Einhorn maintains that the New Testament writers made “Jesus of Nazareth” contemporary with Pilate but, in so doing, inevitably introduced a number of chronological anomalies—some of which have been previously noted in the scholarly literature. Einhorn writes (p. 29): “As a rule, when people in authority are introduced in the Gospels, their names match with those of people active during [the time of] Pilate. Their actions, however, do not.” She attempts to show that those actions match people active in the 50s CE—and, IMO, she largely succeeds.
Einhorn’s time shift hypothesis proposes a coherent scenario whereby the Jesus character known to history from the 4G is drawn out of elements of several messianic pretenders of a generation later (Theudas, the Egyptian, John the Baptist, Menahem). Occam’s Razor, at least, would seem to favor her theory which removes a number of riddles. Einhorn’s conclusion (p. 29):
[I]f we were to move the accounts from the Gospels (and some from Acts) fifteen to twenty years forward in time, and change the names of people in authority accordingly[, the] number of matches would increase significantly (fifteen are presented in this study, including some internal NT inconsistencies which would be resolved), and although the matches are separate, not inter-dependent, they form a pattern with regard to the subject matter. In addition, a person with significant similarities to Jesus would appear in both De bello Judaico and in Antiquitates Judaicae. This person, however, was not, as far as is known, tried or crucified.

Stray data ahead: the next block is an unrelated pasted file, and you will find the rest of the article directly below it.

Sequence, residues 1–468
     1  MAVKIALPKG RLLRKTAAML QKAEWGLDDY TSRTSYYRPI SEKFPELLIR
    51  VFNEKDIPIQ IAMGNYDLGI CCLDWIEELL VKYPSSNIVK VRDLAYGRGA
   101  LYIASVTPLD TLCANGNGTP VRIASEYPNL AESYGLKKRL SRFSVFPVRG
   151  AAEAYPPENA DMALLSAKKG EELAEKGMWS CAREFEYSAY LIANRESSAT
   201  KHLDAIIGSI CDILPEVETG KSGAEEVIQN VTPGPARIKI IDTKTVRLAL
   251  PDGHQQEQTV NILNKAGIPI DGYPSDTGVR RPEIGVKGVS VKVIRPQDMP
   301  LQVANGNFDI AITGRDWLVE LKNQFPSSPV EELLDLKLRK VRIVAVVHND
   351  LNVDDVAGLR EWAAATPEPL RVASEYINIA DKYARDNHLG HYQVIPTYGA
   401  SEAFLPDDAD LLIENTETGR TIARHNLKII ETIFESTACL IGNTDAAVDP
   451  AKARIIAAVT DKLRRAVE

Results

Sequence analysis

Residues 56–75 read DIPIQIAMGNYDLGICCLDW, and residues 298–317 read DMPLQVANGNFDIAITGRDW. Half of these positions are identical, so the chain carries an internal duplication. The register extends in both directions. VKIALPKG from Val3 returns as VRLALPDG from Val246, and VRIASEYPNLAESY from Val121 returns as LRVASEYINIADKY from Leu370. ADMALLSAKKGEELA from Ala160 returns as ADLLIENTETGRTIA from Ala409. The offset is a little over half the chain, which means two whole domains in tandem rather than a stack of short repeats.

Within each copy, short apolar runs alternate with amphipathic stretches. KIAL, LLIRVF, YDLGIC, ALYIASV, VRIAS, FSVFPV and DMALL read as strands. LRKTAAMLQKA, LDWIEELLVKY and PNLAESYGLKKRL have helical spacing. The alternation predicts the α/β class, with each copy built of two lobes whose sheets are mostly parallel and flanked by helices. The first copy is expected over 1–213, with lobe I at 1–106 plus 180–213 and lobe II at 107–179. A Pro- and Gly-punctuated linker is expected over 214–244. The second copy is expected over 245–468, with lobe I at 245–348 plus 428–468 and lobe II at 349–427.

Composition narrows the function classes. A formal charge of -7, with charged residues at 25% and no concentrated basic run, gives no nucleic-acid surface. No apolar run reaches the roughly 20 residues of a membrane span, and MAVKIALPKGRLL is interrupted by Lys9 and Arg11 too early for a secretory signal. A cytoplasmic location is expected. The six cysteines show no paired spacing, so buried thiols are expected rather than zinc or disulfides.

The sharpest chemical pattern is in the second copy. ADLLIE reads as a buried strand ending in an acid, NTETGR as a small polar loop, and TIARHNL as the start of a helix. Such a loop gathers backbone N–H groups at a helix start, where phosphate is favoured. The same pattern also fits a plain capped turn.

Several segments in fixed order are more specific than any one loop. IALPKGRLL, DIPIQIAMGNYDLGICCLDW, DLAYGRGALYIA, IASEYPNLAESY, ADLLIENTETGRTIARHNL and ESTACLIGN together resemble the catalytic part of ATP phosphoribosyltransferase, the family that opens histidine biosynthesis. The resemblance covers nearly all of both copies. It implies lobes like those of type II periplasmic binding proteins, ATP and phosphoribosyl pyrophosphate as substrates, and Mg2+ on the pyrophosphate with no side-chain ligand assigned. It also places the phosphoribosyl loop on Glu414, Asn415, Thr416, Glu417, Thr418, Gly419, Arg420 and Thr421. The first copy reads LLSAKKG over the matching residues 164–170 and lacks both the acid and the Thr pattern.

The final sentence shows that some data do not fit into Einhorn’s overall thesis. However, if in the New Testament we are dealing largely with fiction—as mythicists and liberal scholars are increasingly persuaded—then the anomalous data could well be simply the results of authorial miscalculation—and/or incompetence.
Einhorn particularly focusses on the parallels between Josephus and the New Testament. Many of her parallels I consider feasible, but others forced. She also compares data between Acts and the 4G and makes some astonishing observations along the way. E.g. p. 20:
Note, for instance, that Acts 21:38 mentions the Egyptian leading “four thousand” into the “wilderness”, whereas Matthew 15 and Mark 8 mention Jesus leading “four thousand” into the “wilderness”.